In other words, the IDR framework establishes the procedures and timeframes for providers and insurers to settle negotiations regarding out-of-network rates when state law doesn’t exist to govern dispute resolution procedures. The IDR process will be governed by independent dispute resolution entities. (Per 86 Fed. Reg. 36,888 (Oct. 7, 2021)), an IDR entity is an arbitrator that is held to conflict-of-interest standards and has training that is, at a minimum, equivalent to arbitration training provided by the American Health Law Association or the American Arbitration Association.)
Explore This IssueJanuary 2022
The IDR framework includes the following actions and timelines for actions pertaining to resolving differences substantially in excess of good faith estimates. HHS has defined “substantially in excess” of a good faith excess as the billed charges being at least $400 more than the good faith estimate for any provider or facility listed on the good faith estimate. Uninsured patients who are billed more than $400 above an up-front estimate may also bring cases to arbitration for an administrative fee.
Below are the steps to the new process that you might find yourself a party to if you or your heathcare facility requires mediation:
- Negotiating Period. Parties have 30 business days, starting on the day of initial payment or notice of denial of payment, to begin negotiating.
- Dispute Resolution Begun. Parties have four business days, beginning on the business day after the open negotiation period ends, to initiate an independent dispute resolution process following a failed open negotiation. Both parties must pay an administrative fee ($50 each for 2022), and the non-prevailing party is responsible for the certified independent dispute resolution entity fee for the use of this process.
- Choose a Dispute Resolution Entity. Once the official dispute resolution process has begun, the parties have three business days to agree upon the selection of a certified independent dispute resolution entity. In the case of a conflict in the selection of a certified independent dispute resolution entity, six days after the dispute resolution initiation, the Department of Health and Human Services, the Department of Labor, and the Department of the Treasury will select an entity. The arbitrator that is selected cannot be associated with an insurer or medical provider.
- Submit Information. Parties have 10 business days after the date that the certified independent dispute resolution entity has been selected to submit payment offers and additional information for consideration.
- Payment Determination Is Made. A payment determination is made 30 business days after the certified independent dispute resolution entity has been selected. The payment will be submitted to the receiving party 30 business days after the payment determination has been made.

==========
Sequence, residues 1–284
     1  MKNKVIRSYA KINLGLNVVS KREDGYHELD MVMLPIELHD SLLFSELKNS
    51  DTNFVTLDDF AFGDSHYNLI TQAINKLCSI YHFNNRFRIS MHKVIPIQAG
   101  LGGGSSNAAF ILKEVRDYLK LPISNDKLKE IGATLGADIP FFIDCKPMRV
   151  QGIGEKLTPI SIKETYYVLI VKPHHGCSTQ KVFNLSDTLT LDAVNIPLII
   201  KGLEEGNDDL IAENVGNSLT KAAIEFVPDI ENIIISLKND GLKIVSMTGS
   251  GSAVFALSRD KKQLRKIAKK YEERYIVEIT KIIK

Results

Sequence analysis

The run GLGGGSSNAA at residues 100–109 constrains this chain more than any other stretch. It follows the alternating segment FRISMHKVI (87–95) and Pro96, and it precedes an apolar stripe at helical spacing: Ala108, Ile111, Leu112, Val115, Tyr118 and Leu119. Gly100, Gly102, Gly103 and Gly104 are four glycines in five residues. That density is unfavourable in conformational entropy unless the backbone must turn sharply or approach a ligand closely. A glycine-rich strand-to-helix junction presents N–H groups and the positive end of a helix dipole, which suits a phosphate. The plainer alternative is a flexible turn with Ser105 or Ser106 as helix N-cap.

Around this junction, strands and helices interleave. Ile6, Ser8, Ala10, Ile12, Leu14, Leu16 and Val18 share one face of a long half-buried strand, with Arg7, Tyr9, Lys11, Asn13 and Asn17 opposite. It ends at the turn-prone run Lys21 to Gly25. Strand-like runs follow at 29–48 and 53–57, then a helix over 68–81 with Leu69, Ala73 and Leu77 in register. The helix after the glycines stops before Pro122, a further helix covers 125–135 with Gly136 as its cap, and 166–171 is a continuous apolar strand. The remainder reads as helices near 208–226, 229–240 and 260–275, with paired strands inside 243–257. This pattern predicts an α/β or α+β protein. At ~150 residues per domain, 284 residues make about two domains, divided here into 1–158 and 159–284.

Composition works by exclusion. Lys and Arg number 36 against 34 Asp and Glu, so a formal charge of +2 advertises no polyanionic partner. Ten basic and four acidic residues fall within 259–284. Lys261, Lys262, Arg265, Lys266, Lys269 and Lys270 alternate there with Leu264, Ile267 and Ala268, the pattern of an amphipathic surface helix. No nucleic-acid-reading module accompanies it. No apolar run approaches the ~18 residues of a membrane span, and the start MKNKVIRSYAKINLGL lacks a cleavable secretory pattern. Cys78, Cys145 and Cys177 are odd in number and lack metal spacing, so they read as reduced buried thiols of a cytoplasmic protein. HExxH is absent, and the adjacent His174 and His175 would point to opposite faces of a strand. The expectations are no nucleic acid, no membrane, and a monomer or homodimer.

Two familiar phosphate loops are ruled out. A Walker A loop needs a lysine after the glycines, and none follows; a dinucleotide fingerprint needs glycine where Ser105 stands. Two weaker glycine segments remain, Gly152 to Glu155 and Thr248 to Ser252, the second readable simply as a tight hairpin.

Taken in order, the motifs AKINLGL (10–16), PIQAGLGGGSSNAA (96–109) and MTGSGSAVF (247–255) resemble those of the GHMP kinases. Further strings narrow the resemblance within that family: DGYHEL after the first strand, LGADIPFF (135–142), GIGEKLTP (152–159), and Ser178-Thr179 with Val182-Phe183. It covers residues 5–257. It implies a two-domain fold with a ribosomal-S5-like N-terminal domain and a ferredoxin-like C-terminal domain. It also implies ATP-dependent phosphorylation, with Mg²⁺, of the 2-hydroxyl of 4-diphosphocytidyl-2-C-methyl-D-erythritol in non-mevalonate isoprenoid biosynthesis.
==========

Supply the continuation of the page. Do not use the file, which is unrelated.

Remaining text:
Updates to protections against surprise billing aren’t limited to the creation of new federal rules. On the contrary, states are using the popularity of the No Surprises Act among consumers as an opportunity to establish new state laws that align with these new federal rules. Most notably, in 2020 Colorado (H.B. 19-1774), New Mexico (Surprise Billing Protection Act), Texas (S.B. 1264), and Washington (Balance Billing Protection Act) each established laws similar to the No Surprises Act. In addition, over 30 states already have some form of balance billing protections on record.
Heading into 2022, providers and healthcare facilities should ensure that these considerations are addressed and, if questions remain, should consider obtaining professional advice from a healthcare attorney.
As a result, going forward, healthcare providers should consider:
- The impact of the No Surprises Act and state law on their business model. Are changes in how a provider operates required to comply with the No Surprises Act? New policies and procedures may be required to conform to the No Surprises Act. Among other issues, these policies may be related to obtaining patient consent, providing adequate notice, and the preparation and distribution of required disclosures.
- The interplay between state law (if applicable) and federal law, particularly as it relates to the determination of out-of-network rates. In certain cases, preexisting state laws and the new federal rules are inconsistent, as Congress deferred to some state laws and limited the degree to which the No Surprises Act preempts state laws. However, this isn’t universally the case, and, as a result, is an issue that may require specialized counsel to help healthcare providers resolve this issue.
Heading into 2022, providers and healthcare facilities should ensure that these considerations are addressed and, if questions remain, should consider obtaining professional advice from a healthcare attorney. Although the worst of the COVID-19 pandemic may be over, the demand for diagnostics is likely to remain high in the years to come. In addition, the use of telehealth and other virtual services isn’t likely to fade even as in-person options become available. As such, providers and facilities need to understand how the demand for diagnostics and their evolving business models will fit into the No Surprises Act regulatory landscape for pricing.
Emily Johnson is a nationally recognized attorney, author, and speaker with McDonald Hopkins LLC. Email her at firstname.lastname@example.org.
Reprinted with permission from the American College of Rheumatology.